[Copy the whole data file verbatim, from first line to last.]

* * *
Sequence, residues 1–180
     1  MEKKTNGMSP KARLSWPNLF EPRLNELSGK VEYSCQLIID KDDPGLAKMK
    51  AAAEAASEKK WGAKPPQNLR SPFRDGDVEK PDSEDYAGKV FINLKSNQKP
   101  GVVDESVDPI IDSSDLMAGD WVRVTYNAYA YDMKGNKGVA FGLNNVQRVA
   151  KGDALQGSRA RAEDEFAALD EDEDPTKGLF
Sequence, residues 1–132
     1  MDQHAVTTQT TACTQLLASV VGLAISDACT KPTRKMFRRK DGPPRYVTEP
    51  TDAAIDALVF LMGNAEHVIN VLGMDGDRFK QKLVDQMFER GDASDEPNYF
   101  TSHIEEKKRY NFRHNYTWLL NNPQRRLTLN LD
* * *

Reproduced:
Sequence, residues 1–180
     1  MEKKTNGMSP KARLSWPNLF EPRLNELSGK VEYSCQLIID KDDPGLAKMK
    51  AAAEAASEKK WGAKPPQNLR SPFRDGDVEK PDSEDYAGKV FINLKSNQKP
   101  GVVDESVDPI IDSSDLMAGD WVRVTYNAYA YDMKGNKGVA FGLNNVQRVA
   151  KGDALQGSRA RAEDEFAALD EDEDPTKGLF
Sequence, residues 1–132
     1  MDQHAVTTQT TACTQLLASV VGLAISDACT KPTRKMFRRK DGPPRYVTEP
    51  TDAAIDALVF LMGNAEHVIN VLGMDGDRFK QKLVDQMFER GDASDEPNYF
   101  TSHIEEKKRY NFRHNYTWLL NNPQRRLTLN LD